I wonder what those who were over this jailer would have thought? It’s unlikely that they would have commended him for his actions. In fact, the jailer probably invited Paul and Silas to his home at great risk to himself, his career, and possibly even his family. But to him, it was worth the risk. He was willing to be bold enough to share his home in thanksgiving for the gift of faith that he had received through Paul’s ministry.

When was the last time that you were bold enough to share the Gospel with someone? Was risk and fear of rejection enough to keep you from telling someone else about God’s love for them? Many times, our timid spirits get the better of us and we choose silence over being bold. But by God’s grace and the power of the Holy Spirit, we can confess Christ in a loving and winsome way even as Paul did. We never know when or where the opportunity will arise, but when it does, may we be bold enough to share.

Father, forgive us when we fail to share with others the love and grace that is ours in Christ. Thank You for welcoming us into Your kingdom even as You did for the jailer in Philippi and his family. Embolden us to share Your saving message with others for Jesus’ sake. Amen.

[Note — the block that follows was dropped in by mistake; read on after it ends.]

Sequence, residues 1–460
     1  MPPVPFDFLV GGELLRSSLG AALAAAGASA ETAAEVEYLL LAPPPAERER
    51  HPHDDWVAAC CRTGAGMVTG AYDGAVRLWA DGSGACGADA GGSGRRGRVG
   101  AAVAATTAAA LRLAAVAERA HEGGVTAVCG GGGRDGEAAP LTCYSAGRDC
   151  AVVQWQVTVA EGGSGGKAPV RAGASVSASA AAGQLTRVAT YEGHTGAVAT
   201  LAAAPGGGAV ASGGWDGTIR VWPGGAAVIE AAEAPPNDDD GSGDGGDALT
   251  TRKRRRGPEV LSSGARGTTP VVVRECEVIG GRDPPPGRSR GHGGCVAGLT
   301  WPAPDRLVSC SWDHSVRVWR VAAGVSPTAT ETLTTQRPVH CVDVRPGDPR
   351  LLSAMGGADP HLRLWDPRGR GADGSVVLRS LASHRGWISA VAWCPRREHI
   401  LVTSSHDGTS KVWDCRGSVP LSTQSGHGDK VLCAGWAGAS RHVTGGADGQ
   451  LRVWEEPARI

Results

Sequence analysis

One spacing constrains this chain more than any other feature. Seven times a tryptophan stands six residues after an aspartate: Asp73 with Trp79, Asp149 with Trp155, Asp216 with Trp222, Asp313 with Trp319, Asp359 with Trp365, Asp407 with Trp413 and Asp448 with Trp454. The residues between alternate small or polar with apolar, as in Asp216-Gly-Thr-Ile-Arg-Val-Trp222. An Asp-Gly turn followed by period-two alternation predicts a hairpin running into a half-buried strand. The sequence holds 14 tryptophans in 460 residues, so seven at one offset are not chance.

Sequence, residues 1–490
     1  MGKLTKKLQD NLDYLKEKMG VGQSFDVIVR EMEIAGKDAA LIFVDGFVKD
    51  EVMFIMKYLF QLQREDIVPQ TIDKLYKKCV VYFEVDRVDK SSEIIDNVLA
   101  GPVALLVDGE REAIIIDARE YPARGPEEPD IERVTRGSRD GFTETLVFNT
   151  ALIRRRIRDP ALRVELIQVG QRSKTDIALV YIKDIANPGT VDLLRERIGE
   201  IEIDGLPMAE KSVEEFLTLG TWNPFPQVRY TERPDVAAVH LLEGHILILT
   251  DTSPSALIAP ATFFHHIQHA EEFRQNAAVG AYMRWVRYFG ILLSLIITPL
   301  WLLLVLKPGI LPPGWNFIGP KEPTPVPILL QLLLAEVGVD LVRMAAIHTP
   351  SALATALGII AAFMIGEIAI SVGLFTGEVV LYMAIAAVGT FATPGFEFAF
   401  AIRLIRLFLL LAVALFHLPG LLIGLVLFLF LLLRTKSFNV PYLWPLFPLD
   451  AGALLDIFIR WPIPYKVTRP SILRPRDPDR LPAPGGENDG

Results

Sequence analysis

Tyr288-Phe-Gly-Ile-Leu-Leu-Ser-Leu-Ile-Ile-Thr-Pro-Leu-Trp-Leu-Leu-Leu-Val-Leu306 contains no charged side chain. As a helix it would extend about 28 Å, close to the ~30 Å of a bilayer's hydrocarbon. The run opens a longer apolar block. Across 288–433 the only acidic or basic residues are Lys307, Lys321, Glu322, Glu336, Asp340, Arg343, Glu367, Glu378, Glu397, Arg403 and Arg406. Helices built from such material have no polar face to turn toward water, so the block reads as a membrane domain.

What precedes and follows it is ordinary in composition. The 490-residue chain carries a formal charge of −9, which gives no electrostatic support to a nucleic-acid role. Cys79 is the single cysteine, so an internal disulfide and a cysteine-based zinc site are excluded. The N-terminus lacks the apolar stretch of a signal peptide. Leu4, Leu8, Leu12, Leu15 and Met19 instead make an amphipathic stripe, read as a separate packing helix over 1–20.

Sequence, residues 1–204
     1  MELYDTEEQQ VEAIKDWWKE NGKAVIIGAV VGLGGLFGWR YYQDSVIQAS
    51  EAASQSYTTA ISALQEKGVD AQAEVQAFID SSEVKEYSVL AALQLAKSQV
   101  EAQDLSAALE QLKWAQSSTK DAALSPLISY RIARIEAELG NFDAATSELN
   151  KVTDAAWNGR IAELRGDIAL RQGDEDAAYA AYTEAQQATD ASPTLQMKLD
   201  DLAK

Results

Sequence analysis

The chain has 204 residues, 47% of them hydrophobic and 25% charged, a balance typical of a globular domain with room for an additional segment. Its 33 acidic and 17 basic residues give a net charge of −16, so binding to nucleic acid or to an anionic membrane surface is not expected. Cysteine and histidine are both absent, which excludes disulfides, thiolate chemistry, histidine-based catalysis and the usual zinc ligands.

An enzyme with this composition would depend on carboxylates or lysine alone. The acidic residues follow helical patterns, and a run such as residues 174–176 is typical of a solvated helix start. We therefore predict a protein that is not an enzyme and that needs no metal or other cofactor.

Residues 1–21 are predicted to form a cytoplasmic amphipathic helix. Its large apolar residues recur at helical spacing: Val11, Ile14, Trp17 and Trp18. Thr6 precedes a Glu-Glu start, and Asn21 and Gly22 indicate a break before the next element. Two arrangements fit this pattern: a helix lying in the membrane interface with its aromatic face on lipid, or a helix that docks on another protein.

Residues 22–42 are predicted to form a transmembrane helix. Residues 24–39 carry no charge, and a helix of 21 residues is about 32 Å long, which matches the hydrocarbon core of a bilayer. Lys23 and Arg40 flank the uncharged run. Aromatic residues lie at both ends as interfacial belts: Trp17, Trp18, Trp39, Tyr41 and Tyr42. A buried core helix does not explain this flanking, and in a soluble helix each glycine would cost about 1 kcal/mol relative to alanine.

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Morning Joy

white daisy flowers
 
Weeping may tarry for the night, but joy comes with the morning. Psalm 30:5
 
The clock in our house chimes the hours and then gives a single chime on the half hour. Imagine that you’re sick, just not feeling well at all, and you can’t sleep. You wake up to the half hour chime, but that really doesn’t tell you anything. It’s pitch dark outside so you can’t tell the time. You wish it were close to morning, but who knows?  How long will it take to get to the full hour when you can hear the chimes tell the time?  Thirty minutes.
 
But does it feel like thirty minutes as you’re there in bed waiting? No, it feels like an eternity plus thirty minutes.  You’re sure the clock has broken, the batteries have died, and time has stopped. If only it would hurry up and get to morning!
 
David who wrote Psalm 30 must have had that sort of night of waiting. We don’t know the exact difficulty he had, but we can all supply one of our own. You might be in the middle of a long, dark night right now. It’s certainly more than one night long. It’s been beyond one calendar page or a whole year’s worth of pages. Weeping continues throughout the length of our night.
 
But there is one certainty. The clock is moving. Though you think it must be broken, the clock is running and it will chime. It will finally be 4:00 a.m., 5:00 a.m. and then morning. Morning will come because it has to.